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The Southern Coast Sights

Reserva Nacional de Paracas

  • Nature Preserve/Wildlife Refuge
  • Fodor's Choice

Updated 09/15/2014

Fodor's Review

If a two-hour jaunt around the Islas Ballestas doesn't satisfy your thirst for guano, sea lions, and sea birds, then a land trip to this 280,000-hectare (700,000-plus-acre) park just might. The stunning coastal reserve, on a peninsula south of Pisco, teems with wildlife. Pelicans, condors, and red-and-white flamingos congregate and breed here; the latter are said to have inspired the red-and-white independence flag General San Martín designed when he liberated Peru. On

shore you can't miss the sound (or the smell) of the hundreds of sea lions, while in the water you might spot penguins, sea turtles, dolphins, manta rays, and even hammerhead sharks.

Named for the blustering paracas (sandstorms) that buffet the west coast each winter, the Reserva Nacional de Paracas is Peru's first park for marine conservation. Organized tours take you along the thin dirt tracks that crisscross the peninsula, passing by sheltered lagoons, rugged cliffs full of caves, and small fishing villages. This is prime walking territory, where you can stroll from the bay to the Julio Tello Museum, and on to the fishing village of Lagunilla 5 km (3 miles) farther across the neck of the peninsula. Adjacent to the museum are colonies of flamingos, best seen June through July (and absent January through March, when they fly to Sierra). Hike another 6 km (4 miles) to reach Mirador de Lobos (Sea-Lion Lookout) at Punta El Arquillo. Carved into the highest point in the cliffs above Paracas Bay, 14 km (9 miles) from the museum is the Candelabra. Note that you must hire a guide to explore the land trails. Minibus tours of the entire park can be arranged through local hotels and travel agencies for about S/65–S/75 for five hours.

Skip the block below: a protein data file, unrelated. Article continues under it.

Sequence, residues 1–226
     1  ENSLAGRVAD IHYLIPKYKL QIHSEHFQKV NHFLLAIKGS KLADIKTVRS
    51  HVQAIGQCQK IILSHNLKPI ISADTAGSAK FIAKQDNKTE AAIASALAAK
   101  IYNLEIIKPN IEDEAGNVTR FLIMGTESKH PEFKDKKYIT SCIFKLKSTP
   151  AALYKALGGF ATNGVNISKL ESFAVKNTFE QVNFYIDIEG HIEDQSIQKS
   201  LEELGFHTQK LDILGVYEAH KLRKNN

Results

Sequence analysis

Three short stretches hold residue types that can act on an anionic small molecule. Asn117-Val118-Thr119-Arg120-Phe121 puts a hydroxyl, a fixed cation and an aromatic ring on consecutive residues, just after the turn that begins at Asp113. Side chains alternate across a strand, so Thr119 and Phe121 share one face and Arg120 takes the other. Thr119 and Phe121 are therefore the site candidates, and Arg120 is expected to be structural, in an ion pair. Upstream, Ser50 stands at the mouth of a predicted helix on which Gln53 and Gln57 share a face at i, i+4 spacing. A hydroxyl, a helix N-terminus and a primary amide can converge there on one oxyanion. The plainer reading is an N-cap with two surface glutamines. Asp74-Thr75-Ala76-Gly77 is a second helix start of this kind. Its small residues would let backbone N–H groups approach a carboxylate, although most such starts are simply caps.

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Paracas, Peru

Updated 09/15/2014

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Feb 24, 2014

Your visit to Paracas after Islas Ballestas isn't over yet!

One of the best ways to discover Peru's famous Paracas National Reserve is by bike. You can take a standard tour that lasts a couple of hours and be herded off and on a bus at each stop or you can take your own self-guided tour by bike and linger where you like. There are some amazing spots that deserve more attention and time (like the beautiful virgin beach Playa La Mina). And of course, getting there is part of the experience, letting the cool

breeze of the ocean fill your lungs and rustle your hair while cycling the reserve is a wonderful feeling. If you want to consider biking the reserve, check out http://SecretsofPeru.com#BikeParacas . They are the first self-guided bike tour agents in Paracas and the official provider for the National Reserve. They provide detailed maps, great italian mountain bikes (Biachi), repair-kit and rescue service in case you have problems with the bike.

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